To understand the significance of gatherings to our people, we must first understand fairs--what they were, where they were held, and how they were eventually used to oppress our people.
A fair is a temporary market where buyers and sellers gather to transact business. Historically, fairs were created to promote trade and solve the early problems of distribution. They provided an opportunity for the demonstration of skills and crafts, the exchange of ideas, and the bartering of goods. They concentrated supply and demand in certain places at certain times, and were usually developed or held at points of major caravan route intersections and wherever people congregated for religious festivals.
Festivals and fairs were so important to trade and commerce in ancient Rome that they became a primary feature of the Roman calendar and a fixture of Roman religious life during both the Republican and Imperial eras. The government encouraged Roman people to celebrate these state holidays or “Feriae” ("holidays" in the sense of "holy days") with public funding and days off of work. The Romans eventually introduced these markets and fairs all over northern Europe to encourage trade within their conquered provinces.
In every great cult, religion and commerce are inextricably linked. In the first centuries of Christendom, “The first fairs were formed by the gathering of worshippers and pilgrims in sacred places, and especially within or about the walls of abbeys and cathedrals on the Feast days of the Saints enshrined in them. ... Bishops and abbots, of course, never overlooked the reasonable source of profit to their shrines and the maintainers of them, which would be derived from tolls upon the trade occasioned by themselves, and carried on within the bounds of their own lawful jurisdiction.” [Morley, “Memoirs of Bartholomew Fair”].
The fair is where the rope-walker made his living. Sometimes they would simply perform high above the fair, other times they would team up with other performers (bear tamers, contortionists, etc), and sometimes they would be sponsored by a merchant in advance who would put up a curtain and charge an entrance fee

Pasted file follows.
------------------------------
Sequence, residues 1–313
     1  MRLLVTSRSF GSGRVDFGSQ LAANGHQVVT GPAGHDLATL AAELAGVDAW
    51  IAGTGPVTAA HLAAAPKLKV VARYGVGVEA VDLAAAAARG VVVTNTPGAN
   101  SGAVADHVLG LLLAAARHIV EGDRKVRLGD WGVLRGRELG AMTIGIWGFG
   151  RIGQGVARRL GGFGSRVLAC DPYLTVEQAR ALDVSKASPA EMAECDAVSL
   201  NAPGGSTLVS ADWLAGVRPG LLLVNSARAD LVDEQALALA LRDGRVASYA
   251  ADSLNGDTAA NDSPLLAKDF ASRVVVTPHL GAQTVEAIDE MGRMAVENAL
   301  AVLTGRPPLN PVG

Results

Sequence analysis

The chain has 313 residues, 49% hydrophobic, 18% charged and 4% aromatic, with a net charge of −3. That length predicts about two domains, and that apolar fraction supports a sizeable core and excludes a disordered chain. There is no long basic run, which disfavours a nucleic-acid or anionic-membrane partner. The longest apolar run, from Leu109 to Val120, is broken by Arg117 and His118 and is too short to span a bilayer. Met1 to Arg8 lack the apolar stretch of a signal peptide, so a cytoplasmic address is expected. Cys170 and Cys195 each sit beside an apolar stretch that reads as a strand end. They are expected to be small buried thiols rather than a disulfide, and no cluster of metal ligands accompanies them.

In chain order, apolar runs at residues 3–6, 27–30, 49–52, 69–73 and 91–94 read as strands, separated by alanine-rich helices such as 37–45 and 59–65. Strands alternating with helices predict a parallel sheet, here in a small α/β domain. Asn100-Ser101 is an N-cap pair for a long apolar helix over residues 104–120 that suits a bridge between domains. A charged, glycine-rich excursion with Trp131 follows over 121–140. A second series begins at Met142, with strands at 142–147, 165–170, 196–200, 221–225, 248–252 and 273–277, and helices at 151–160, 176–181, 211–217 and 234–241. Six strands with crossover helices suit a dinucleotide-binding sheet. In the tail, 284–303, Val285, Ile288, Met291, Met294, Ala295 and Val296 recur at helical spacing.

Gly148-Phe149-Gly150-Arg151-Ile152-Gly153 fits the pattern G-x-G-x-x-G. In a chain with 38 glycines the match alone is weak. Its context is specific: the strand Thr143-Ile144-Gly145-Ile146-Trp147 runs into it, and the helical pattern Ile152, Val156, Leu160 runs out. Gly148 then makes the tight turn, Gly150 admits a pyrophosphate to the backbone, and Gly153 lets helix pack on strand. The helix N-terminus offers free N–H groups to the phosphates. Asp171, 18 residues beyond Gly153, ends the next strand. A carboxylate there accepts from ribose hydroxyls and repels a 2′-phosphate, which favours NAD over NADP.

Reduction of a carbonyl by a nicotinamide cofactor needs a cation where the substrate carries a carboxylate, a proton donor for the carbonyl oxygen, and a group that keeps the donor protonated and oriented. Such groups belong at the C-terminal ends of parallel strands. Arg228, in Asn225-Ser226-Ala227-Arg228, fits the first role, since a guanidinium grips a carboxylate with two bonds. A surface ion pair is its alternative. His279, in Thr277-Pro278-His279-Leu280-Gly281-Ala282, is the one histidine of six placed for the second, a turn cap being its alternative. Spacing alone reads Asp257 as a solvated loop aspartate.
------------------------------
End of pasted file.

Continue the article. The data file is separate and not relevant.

During the fifth century in France, a series of Councils of Bishops began to attack the mountebanks’ companies (which rope-walkers were often a part of) and treat them as though they were evil on earth. At the time, rope-walkers generally practiced their craft exclusively at markets and fairs, which were always held near the Church or in the churchyard itself. So when the Châlon Council in 549 AD forbade them to come near the Church’s property, what they were doing was virtually putting a ban on the ‘profane’ art of rope-walking. Moreover, around 554 AD, Childbert, King of the Francs, was said to have forbade the clerics from watching the mountebanks at all. Over the next couple hundred years, further French Councils continued to rule out any form of entertainment for the clerics which led to rope-walkers being seen as strangers apart from society. To make matters worse, Philippe Auguste, King of France from 1180 to 1223, kicked Mountebanks out of the French Court where for centuries they had been welcome.
While rope-walkers lost some huge privileges in 5th-century France, things seem to have got back on track by the 1300s. In the Middle Ages, a tightrope act was thought to be essential to give any public event its proper air of mystery, thus rope walkers started appearing in many grand displays. During the lavish coronation of Queen Isabeau in 1389 Paris, it is said that a cord had been placed from the towers of the Cathedral of Notre-Dame to the roof of the highest house on the Pont St. Michel. A funambulist acrobat then went down the cord singing, with two lighted candles in his hands.
Christine de Pisan documented: ‘There was a man in Paris, in the reign of good King Charles, who could tumble and jump and do such tricks on the rope that no one today would believe had they not been witnessed at the time. He would stretch thin ropes from the towers of Notre-Dame to the Palace and on these ropes he would leap and perform such feats of agility that he seemed to be flying. Therefore he became known as ’Le Voleur’. I saw him myself as did many others. He was said to have no equal in his art, which he performed many times before the King. One day however, he missed his footing on the rope and fell from such a height that he broke all his bones. “Surely,” said the King when he learned of it, “bad luck must befall the man who presumes so much of his senses, his strength, his lightness or any other thing.”